Why Watford Should Secure Cut-Rate Jacob Murphy Signature

Jacob Murphy

With a potential return to the Premier League on the horizon, Watford know new recruits will be needed. Promotion is far from a certainty yet, but thinking about getting a head start in the summer transfer window is never a bad idea. One position which will need reinforcement is the attack. With Jacob Murphy set to leave on a bargain deal, Watford’s rumoured target is a player worth bringing in.

Jacob Murphy on Watford’s Radar

Available for Cheap Price

Football Insider – since corroborated by Chronicle Live – reports that Rangers, Southampton, and Watford are all interested in signing the 26-year-old. With his contract expiring in the summer of 2022, he will be available to depart for a reported £3 million. Murphy signed for Newcastle, from Norwich City, in 2017 for £10 million.

With contract renewal negotiations unclear, Newcastle’s Premier League status not yet solidified, and Murphy’s fluctuating match-time, many variables remain on the table which could signal an imminent departure.

Career Prior to This Season

Murphy made his way through the Norwich City youth ranks before his sale to Saint James’ Park. After six loans to third-tier-and-below sides, including a 19-goal-contribution season with Coventry City in 2015/16, he seriously broke into the Canaries’ first-team in the 2016/17 campaign. An eight-goal, eight-assist season was enough to warrant an eight-figure transfer to just-promoted Newcastle.

The versatile right-winger, who can also play naturally on the left-wing, only scored once and assisted once in his inaugural Premier League season. An unsuccessful first-half to the 2018/19 season saw him spend the second-half on loan to West Bromwich Albion, where he scored twice and assisted once in 13 appearances.

Still surplus to requirements, he spent the last campaign on loan with Sheffield Wednesday. An impressive nine-goal, six-assist (two assists being in the form of penalties-won) season reminded people why he cost £10 million. Noteworthy is how 12 of the goal contributions came in the final 20 matches of the loan.

Showing His Worth Under Steve Bruce

After one-and-a-half seasons away from Saint James’ Park, Murphy finally got his chances to shine. He has made 19 total appearances, with ten coming in the form of starts. All four of his goal contributions (two goals, two assists) came in fixtures that Newcastle did not lose.

Steve Bruce has also tested Murphy’s versatility by playing him as a right-midfielder, and sometimes even right-back. Plaudits have been coming Murphy’s way as a result of his performances – but that does not mean a transfer is not likely either.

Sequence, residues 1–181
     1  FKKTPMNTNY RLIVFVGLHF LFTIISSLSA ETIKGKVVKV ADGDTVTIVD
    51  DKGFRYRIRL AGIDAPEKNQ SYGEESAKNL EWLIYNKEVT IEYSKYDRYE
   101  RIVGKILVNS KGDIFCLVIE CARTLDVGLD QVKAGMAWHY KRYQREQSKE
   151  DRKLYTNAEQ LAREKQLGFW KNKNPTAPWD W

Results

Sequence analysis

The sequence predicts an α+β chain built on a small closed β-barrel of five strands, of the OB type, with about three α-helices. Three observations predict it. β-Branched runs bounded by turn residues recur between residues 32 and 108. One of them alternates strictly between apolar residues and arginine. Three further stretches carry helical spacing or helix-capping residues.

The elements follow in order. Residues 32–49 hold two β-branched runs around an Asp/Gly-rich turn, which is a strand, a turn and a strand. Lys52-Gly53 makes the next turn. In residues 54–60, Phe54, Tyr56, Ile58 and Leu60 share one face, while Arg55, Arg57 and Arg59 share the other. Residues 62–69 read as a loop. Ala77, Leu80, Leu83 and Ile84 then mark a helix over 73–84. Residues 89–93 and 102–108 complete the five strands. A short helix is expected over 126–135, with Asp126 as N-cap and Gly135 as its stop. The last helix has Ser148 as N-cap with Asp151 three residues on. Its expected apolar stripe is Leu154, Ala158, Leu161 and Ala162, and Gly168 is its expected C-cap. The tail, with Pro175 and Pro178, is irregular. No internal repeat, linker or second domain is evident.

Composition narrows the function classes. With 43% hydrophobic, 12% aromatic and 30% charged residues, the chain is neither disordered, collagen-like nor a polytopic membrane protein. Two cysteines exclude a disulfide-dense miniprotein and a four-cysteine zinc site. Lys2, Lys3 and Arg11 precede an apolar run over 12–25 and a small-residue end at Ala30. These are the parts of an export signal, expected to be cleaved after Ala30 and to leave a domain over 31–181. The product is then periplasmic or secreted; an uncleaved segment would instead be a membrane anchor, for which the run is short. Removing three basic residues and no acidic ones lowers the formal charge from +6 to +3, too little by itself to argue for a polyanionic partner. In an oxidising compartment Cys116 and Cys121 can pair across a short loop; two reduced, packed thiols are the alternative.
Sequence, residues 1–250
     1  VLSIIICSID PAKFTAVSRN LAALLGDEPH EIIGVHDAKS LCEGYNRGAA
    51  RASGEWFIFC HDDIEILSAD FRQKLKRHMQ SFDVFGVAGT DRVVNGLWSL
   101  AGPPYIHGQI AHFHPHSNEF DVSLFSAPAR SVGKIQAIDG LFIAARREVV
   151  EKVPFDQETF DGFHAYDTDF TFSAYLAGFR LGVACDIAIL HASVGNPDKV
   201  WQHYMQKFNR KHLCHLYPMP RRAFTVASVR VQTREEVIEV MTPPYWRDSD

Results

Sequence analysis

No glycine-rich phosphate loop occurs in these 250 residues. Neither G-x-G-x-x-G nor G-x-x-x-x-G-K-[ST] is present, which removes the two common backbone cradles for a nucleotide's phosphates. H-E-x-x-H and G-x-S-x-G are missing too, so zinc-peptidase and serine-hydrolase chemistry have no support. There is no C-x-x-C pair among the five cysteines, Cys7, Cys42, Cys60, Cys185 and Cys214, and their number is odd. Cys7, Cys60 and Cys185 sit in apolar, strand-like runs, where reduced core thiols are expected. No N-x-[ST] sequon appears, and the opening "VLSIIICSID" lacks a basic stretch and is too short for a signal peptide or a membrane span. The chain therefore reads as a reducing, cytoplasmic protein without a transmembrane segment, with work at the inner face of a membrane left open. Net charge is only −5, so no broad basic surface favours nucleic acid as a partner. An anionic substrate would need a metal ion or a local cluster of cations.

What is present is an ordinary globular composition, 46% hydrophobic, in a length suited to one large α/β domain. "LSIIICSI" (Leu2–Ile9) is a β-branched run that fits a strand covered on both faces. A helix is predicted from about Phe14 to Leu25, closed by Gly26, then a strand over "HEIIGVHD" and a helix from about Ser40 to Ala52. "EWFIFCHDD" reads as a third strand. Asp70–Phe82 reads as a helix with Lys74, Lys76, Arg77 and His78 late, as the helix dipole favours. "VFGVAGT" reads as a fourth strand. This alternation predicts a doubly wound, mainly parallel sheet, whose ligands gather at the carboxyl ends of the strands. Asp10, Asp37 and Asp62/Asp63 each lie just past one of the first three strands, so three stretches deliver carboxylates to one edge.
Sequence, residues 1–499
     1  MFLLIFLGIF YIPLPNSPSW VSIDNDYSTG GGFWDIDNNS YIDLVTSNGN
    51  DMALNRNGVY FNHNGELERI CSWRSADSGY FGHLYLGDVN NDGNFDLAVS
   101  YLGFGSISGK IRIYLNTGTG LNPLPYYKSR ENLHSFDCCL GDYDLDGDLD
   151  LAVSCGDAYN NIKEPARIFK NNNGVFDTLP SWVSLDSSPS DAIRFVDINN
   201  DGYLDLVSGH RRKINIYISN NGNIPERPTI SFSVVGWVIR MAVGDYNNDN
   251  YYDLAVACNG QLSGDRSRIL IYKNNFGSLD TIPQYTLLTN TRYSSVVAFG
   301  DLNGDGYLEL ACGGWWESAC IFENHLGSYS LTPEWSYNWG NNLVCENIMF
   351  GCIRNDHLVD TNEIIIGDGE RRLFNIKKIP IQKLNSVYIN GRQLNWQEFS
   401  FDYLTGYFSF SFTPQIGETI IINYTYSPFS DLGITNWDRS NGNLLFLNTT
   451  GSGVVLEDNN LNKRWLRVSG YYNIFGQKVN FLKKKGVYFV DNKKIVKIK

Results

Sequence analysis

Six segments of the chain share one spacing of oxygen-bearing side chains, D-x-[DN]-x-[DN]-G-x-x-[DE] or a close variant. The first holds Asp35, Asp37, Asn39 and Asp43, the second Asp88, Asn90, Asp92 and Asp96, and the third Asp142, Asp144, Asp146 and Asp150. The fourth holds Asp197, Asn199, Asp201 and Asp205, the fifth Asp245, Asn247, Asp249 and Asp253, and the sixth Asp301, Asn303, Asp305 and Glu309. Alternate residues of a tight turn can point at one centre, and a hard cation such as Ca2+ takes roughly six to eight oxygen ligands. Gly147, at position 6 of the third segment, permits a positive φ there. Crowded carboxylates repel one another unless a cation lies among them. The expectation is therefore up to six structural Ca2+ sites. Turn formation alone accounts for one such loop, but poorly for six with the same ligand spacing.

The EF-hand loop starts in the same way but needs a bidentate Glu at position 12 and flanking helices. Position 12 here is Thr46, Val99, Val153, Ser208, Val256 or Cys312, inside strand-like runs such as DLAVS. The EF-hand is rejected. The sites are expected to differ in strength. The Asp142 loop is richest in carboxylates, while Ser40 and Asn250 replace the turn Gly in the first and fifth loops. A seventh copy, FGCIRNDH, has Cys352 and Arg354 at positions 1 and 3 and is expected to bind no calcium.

Watford’s Familiar Winger Shortage

Again, nothing is certain as of yet. Watford still have plenty of twists and turns to go through before the end of the season. Even with a notable points-gap between themselves and third, this season has yet again proved anything can happen. Still, the Hornets should start planning for life in the Premier League in case they do clinch promotion within the next month.

Two of Watford’s stars this season have been wingers Ken Sema and Ismaila Sarr – especially the latter, whose future at Vicarage Road remains up in the air. Both have been pivotal to the squad’s resurgence under Xisco Munoz, who encourages a wide tactic.

But behind those two, Watford have very little depth in terms of wingers. January-signing Philip Zinckernagel is a natural right-winger, so he does provide some depth, but he is also proving to be beyond useful as an attacking midfielder. Joao Pedro and Isaac Success could play as wingers if necessary, though they are much better utilized centrally. Youngster Joseph Hungbo is a winger, but his ability to play effectively for the full 90 at the senior level is still not a guarantee.

One of Watford’s main reasons for their Premier League relegation was their lack of depth on the wing. When both Gerard Deulofeu and Sarr were fully fit, under Nigel Pearson, Watford were unstoppable. But, as soon as Deulofeu’s season-ending injury occurred, the club had to play Danny Welbeck, a central-preferring player, out wide. Roberto Pereyra also got opportunities as a winger, but like Welbeck, his most natural position was in the middle of the pitch.

Jacob Murphy Solves Problem

Although the Hornets were able to field noteworthy players, the make-shift wingers’ shortcomings were there for all to see. Tactics did not work the same, the style of play was less free-flowing, and a lopsidedness arose. In football, it is almost always optimal to have players play in their best position – even for normality for tactic’s sake. Not having enough depth out wide hurt the Hornets before in the top-flight once. Bringing in Murphy makes it more likely that history will not repeat itself.

And that is not to say Murphy would just be a depth player. If Sarr were to leave, for example, Murphy and Zinckernagel competing for the right-wing spot would not be the worst of scenarios for the Hornets to be in. In the event Sarr stays, Murphy would still provide competition for the starting spot on the left-wing too.

And, with Jacob Murphy set to depart for a fee significantly less than he would call for under normal circumstances, promotion would signal the prime time to bring him in.

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